FWC decision: National minimum wage up by 2.6%

by 03 Jun 2013

The Fair Work Commission has announced a 2.6% increase in the national minimum wage, which will rise to $622.20 a week, up from $606.40.

The increase is expected to impact on Australia’s 1.5 million lowest paid workers, yet the rise is less than last year. It is also less than the $30 a week increase sought by unions but more than the $5.80 wanted by business groups.

Last year the national minimum wage rose by $17.10 a week.

Fair Work Commission president Justice Iain Ross said there would be a 2.6% increase in the minimum wage, noting a number of considerations led to the decision to award a lower increase than last year.

"While the economic outlook remains favourable, GDP growth is expected to ease to slightly below trend in 2013/14 and the unemployment rate is expected to increase slightly," Justice Ross said.

"Inflation is expected to remain comfortably within the RBA's target range of two to three per cent.

"In addition to these considerations, the superannuation guarantee increase to apply from 1 July this year has also been a moderating factor in our assessment of the adjustment that should be made to minimum wages.

"As a result, although it would not be appropriate to quantify its effect, the increase in minimum wages we have determined in this review is lower than it otherwise would have been in the absence of the superannuation guarantee increase."

He said the commission had also taken into account the effect of the carbon price on inflation figures and the lower than forecast recent inflation outcome.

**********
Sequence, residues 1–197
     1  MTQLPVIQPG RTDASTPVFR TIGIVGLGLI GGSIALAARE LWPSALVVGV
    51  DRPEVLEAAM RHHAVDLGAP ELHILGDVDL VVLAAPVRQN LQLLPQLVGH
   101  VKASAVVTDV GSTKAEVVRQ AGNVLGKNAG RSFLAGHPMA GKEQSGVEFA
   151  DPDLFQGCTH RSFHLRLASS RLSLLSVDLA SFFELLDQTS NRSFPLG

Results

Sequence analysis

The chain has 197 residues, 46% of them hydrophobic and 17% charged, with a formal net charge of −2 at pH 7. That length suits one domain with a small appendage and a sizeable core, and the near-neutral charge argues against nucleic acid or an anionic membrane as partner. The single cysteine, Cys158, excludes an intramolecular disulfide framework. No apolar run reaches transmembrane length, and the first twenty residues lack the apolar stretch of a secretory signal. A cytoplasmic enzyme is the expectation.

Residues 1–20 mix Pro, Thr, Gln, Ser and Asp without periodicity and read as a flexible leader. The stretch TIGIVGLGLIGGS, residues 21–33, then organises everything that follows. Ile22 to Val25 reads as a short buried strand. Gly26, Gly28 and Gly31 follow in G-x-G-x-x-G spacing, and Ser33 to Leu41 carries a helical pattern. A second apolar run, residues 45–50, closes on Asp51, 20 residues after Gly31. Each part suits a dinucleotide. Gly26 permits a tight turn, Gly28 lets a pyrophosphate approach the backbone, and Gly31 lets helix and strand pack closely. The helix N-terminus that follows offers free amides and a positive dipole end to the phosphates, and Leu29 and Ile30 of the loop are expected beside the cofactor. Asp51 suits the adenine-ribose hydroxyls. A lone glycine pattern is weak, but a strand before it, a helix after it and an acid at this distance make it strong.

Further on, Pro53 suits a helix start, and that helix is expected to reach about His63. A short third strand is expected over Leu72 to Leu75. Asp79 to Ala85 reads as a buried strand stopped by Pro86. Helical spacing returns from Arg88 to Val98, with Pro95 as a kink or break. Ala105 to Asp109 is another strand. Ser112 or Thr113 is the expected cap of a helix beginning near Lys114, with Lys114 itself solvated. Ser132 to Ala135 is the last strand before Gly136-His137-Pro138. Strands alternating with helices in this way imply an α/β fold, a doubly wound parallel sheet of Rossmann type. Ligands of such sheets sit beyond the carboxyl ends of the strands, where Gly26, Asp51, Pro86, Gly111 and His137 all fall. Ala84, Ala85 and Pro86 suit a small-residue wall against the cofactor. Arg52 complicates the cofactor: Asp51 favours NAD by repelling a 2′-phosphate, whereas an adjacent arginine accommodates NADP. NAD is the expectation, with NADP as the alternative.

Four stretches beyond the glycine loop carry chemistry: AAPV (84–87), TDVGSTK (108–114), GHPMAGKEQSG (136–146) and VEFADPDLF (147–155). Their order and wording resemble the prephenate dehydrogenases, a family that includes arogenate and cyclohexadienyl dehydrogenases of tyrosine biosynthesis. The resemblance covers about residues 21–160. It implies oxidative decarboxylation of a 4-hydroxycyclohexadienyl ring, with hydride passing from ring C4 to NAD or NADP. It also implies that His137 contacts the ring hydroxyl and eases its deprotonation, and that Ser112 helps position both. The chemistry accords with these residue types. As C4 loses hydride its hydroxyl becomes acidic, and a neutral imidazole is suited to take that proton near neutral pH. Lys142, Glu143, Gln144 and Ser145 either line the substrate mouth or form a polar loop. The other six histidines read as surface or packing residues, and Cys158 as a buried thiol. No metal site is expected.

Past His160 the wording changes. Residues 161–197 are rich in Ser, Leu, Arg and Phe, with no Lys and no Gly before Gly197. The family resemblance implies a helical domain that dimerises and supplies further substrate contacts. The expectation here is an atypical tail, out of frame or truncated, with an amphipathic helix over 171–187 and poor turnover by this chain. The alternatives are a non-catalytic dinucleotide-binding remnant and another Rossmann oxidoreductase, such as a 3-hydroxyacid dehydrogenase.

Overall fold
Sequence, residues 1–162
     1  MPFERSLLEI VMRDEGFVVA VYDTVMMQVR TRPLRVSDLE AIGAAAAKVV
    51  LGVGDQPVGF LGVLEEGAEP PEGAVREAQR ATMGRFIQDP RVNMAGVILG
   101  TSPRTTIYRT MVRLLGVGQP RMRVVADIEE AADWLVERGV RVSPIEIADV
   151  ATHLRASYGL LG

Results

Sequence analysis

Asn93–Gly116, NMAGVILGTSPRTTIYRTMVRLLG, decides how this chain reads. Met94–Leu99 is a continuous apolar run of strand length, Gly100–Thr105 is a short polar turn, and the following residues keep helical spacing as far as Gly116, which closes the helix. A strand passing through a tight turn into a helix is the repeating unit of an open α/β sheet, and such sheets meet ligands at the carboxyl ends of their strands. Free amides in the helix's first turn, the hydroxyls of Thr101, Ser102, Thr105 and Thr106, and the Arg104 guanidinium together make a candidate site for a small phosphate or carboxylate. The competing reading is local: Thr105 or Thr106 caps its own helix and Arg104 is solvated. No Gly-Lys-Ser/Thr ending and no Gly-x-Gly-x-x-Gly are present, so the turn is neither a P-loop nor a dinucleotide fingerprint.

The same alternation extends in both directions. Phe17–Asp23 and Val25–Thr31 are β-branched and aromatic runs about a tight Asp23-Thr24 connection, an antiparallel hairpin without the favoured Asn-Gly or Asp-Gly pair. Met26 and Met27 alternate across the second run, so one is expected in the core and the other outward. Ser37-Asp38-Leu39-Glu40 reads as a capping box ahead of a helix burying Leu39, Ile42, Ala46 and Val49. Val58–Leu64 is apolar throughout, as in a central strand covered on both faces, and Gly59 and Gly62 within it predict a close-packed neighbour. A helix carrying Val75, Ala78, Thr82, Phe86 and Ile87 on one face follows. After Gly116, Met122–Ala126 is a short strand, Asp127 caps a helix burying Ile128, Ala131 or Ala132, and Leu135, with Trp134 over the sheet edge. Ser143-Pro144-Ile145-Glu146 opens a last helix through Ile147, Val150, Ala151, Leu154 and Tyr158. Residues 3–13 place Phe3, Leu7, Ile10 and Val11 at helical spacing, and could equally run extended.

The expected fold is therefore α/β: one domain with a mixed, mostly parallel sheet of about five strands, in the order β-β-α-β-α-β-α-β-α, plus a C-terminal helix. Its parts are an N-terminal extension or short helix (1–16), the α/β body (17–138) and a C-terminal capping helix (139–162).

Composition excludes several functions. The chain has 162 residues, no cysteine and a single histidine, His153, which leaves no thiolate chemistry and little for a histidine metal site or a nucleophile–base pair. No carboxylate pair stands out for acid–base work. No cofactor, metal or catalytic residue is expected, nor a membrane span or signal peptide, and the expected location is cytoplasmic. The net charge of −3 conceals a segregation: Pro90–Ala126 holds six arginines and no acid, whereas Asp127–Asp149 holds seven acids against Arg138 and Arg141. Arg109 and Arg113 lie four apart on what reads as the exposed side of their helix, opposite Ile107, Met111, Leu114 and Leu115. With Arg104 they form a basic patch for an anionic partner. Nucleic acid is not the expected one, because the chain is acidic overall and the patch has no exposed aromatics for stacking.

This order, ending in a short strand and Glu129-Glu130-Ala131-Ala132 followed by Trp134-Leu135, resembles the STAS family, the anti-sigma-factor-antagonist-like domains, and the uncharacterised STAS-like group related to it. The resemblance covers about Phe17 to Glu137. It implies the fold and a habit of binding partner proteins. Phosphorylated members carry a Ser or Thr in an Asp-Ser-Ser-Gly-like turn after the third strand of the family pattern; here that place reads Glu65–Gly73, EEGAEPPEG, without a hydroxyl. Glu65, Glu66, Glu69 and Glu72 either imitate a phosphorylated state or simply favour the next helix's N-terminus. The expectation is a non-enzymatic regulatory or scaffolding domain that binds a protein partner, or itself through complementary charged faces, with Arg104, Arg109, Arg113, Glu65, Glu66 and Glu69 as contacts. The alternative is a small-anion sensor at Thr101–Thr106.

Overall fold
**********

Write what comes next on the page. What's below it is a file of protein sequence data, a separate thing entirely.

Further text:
Justice Ross said while some of the minimum wage rates in modern awards had increased in real terms over the past decade, they had not kept pace with the level of wage increases generally – yet this year the figure falls short of union expectations.

The ACTU had argued for a $30 a week increase to $636.40, saying it would stop a decline in low-paid workers' living standards.

The Australian Chamber of Commerce and Industry (ACCI) labelled the ACTU claim as reckless and called for a weekly rise limited to $5.80, warning of deteriorating conditions for small business.


  • by RivercityIR 4/06/2013 11:01:20 AM

    Whilst I will never begrudge a worker a pay rise at any time, I think the time is long overdue for government to stop throwing money as the supposed answer to things and start looking at the cause. Why is the cost of living so high and what can we do about it...They may even find in the solutions they would create more jobs at less cost than simply giving people more money.

  • by kevin 4/06/2013 1:02:29 PM

    I agree with RivercityIR. Productivity is the only true way to deliver a better standard of living. An there are are far better ways to deliver benefits. Imagine if the $50billion plus that was wasted on pink batts and school halls was actually used to build more social housing the impact that would have had on the lives of very people in this demographic and everyone else competing for a rental property. Oh for someone with vision in government.

Most Read